Craig Zobel’s “Compliance” may be the creepiest movie of the year. It has no physical violence, no sex, barely even a raised voice – and yet it burrows into your brain and keeps burrowing, the longer you watch.
Based on a set of actual incidents, “Compliance” starts out simply enough: Sandra (Ann Dowd), the manager of a fast-food restaurant, gets a phone call from the police – and the officer on the phone says there’s a problem.
One of Sandra’s employees, a young woman named Becky (Dreama Walker), has allegedly stolen the wallet out of a customer’s purse while waiting on her. The police need the manager to hold Becky until the police can arrive.
As Sandra sequesters Becky in the back room and questions her about the charges – which Becky strenuously denies – the cop continues to talk into Sandra’s ear: Of course Becky’s going to deny it, he says. So he needs Sandra to search Becky for him. And not just search her – but strip-search her.
Quietly, without a lot of shouting or conflict, Sandra insists on doing what she’s told – and Becky, claiming innocence, complies, for fear of losing her job. Naked, finally, she seems to be innocent because Sandra comes up empty-handed.
But when Sandra has to get back to running the restaurant, the cop insists that she leave someone to watch Becky until he can get there. So Sandra hands off the phone to one of her other (male) employees. Once the cop gets him on the phone, the process begins again: The cop tells the new employee that he just needs him to search Becky – to strip-search her. Having not been in on the initial search, the employee complies.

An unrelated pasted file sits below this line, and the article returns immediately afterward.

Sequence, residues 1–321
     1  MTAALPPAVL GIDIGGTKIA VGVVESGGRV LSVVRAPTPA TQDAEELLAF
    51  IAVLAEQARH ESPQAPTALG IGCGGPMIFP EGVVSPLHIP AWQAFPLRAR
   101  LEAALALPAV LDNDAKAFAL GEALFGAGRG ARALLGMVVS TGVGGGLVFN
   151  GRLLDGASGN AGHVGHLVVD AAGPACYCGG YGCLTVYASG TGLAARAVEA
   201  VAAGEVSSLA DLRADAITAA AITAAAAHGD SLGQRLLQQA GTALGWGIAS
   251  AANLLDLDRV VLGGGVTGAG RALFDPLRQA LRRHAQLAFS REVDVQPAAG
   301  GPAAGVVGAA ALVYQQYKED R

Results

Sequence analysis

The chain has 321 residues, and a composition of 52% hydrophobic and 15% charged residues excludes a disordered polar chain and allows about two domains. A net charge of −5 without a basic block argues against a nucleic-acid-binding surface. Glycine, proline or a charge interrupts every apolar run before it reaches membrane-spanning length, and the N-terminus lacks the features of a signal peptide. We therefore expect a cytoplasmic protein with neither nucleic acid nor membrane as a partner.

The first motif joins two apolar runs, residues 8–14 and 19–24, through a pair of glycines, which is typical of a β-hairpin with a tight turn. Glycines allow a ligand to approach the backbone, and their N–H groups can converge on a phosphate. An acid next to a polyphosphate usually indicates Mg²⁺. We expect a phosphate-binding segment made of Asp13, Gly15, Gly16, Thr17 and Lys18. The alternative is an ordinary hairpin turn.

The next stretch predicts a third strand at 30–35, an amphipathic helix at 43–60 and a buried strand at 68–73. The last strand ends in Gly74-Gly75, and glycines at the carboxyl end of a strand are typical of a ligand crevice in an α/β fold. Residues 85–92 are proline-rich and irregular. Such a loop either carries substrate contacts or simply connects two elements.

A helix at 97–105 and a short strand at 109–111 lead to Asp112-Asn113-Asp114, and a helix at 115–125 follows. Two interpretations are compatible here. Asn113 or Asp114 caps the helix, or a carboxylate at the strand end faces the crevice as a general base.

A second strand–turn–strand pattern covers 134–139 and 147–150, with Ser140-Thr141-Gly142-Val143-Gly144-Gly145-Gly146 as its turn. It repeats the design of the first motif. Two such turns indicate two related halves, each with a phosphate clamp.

And so it goes. Ultimately, of course, it turns out to be a hoax: Someone sitting at home has been manipulating all of these people with nothing more compelling than his voice and his ability to convince them that they’re doing their duty.
Though it seems fishy enough when you watch it in a movie, this actually happened dozens of times. And each time, the restaurant managers complied with the “cop” on the phone, putting a younger, more vulnerable employee through a humiliating exercise – sometimes more than once, over the course of several hours.
Zobel’s film, which only runs 90 minutes, can feel excruciating, as the seemingly bright but ultimately helpless Becky endures repeated invasions of her privacy, as well as her person. Sandra seems almost as much of a victim: She should be in control, yet she finds herself doing things she normally wouldn’t do, justifying them with the belief that she’s helping the police.
The actions depicted are almost as unsettling as the questions that “Compliance” raises. Ultimately it comes back to the Adolf Eichmann defense: “I was only following orders,” as though that excuses the most horrendous behavior or, in this case, stripping a young woman of her dignity.
Dowd brings gravity – though blinkered gravity, at that – to the harried, unsettled manager. Walker is surprisingly unflappable as the put-upon young woman, seemingly willing to do whatever she’s asked to prove her innocence. Yet she shows the toll this assault on her begins to take.
“Compliance” is an upsetting film, hard to watch because it so quietly and casually goes about its business of pushing your buttons. It’s hard to say you’ll enjoy it – but if you’re looking for a film that shoves you way out of your comfort zone, this one will do the trick.Print This Post